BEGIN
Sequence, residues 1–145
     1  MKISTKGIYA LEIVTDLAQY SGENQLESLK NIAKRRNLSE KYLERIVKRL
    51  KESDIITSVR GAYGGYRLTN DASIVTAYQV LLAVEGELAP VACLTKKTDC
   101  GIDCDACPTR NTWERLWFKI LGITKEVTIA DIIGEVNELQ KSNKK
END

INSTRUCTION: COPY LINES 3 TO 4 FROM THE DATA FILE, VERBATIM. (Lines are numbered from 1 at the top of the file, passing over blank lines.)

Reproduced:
    51  KESDIITSVR GAYGGYRLTN DASIVTAYQV LLAVEGELAP VACLTKKTDC
   101  GIDCDACPTR NTWERLWFKI LGITKEVTIA DIIGEVNELQ KSNKK